Clearly, we need a slightly more fleshed-out solution. The very good news here is that Google's on the case, and a simple, straightforward way to override default DNS settings is coming to Android. The problem here is that it's arriving as part of the Private DNS mode of Android P. This not only secures communications with domain name servers, but also lets you to specify the server of your choice — and without all the mess of manually configuring every Wi-Fi network you use.
We haven't had the opportunity to try it out just yet, as it's not active in the initial Android P developer preview, but we're looking forward to putting it through its paces soon.
But while this promises to deliver the all-in-one DNS solution we've been craving, not only is Android P not out yet, even once it lands it could potentially be a very long time before your phone gets its P update — if it ever does. Is there anything we can do that will give us similar results that's available now, and will work on whatever phone we throw at it?
The good news: Yes there is. But we've got to venture outside the world of Android's native settings and start checking out some app options by third-party developers. In the past, using one to change your global DNS settings often required rooting your phone, and that's not something a lot of users are going to want to do. But other apps have found a no-root-required work-around that takes advantage of Android's support for virtual private networks.
When you're using a VPN, normally all your phone's data traffic gets routed to a remote server before it touches the rest of the internet at large, and that includes DNS requests. By running a local VPN server right on your phone, you set things up to use the DNS server of your choice.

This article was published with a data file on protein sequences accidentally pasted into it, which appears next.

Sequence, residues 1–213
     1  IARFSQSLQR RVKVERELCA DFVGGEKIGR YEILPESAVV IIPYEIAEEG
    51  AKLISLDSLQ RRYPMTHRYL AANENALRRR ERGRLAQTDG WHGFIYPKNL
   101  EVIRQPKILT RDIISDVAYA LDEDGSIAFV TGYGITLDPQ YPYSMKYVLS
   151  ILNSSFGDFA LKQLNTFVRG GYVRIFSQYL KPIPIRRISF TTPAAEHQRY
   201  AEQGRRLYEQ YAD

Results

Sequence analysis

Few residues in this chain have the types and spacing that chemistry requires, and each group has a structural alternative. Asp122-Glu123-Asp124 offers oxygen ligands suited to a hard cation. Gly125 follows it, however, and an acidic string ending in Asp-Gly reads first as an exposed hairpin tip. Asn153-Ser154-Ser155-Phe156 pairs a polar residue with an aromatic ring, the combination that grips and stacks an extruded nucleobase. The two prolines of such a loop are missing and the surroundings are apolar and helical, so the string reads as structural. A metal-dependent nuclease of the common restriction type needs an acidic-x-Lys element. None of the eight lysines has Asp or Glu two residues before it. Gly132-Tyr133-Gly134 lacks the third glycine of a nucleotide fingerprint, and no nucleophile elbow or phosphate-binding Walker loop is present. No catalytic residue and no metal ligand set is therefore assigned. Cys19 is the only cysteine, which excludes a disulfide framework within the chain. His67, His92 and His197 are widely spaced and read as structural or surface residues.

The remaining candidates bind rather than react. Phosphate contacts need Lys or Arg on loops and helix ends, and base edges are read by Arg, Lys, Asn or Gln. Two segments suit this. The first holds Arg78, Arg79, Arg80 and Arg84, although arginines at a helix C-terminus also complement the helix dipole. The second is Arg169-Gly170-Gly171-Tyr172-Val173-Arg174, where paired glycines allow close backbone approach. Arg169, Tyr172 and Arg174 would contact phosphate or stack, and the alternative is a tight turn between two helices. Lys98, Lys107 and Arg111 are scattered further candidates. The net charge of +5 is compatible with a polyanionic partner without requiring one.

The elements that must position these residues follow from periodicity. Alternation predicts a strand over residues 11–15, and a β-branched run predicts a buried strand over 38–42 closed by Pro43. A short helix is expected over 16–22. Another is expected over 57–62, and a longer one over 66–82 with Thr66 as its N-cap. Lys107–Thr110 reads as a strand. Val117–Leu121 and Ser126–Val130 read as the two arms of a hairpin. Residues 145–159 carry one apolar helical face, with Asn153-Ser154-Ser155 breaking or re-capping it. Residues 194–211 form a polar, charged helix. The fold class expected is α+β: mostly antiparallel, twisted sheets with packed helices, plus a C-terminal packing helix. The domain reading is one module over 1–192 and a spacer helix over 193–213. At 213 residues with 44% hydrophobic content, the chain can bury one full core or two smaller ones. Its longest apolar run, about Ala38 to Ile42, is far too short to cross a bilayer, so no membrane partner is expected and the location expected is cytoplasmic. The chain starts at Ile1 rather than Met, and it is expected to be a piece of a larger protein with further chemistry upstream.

Using a third-party app to set DNS preferences through a local VPN
We checked out the aptly-named DNS Changer from Forstnerd which does just that, and setting it up is a breeze. You just enter the DNS and backup DNS address you want to use, approve the creation of the app's VPN, and you're good to go. In less than 30 seconds, your phone's using the domain name servers you've specified, on Wi-Fi and cellular connections alike.
This is far from the only app offering this service, and with alternatives like Blokada's DNS changer also available, you can make your pick based on your preference for their UI or the presence of any extra features you find appealing.
If you're happy with the way your phone looks up domain names already, all of this might seem like a waste of time to you — and if you've never even considered the issue at all, you can probably go right on ignoring it, letting your phone operate how it already does. But if you're the sort of user who likes to know exactly what their phone's up to, or really cares about data privacy issues, it's worth a few minutes to think about how your device is handling domain names and consider some of your alternatives.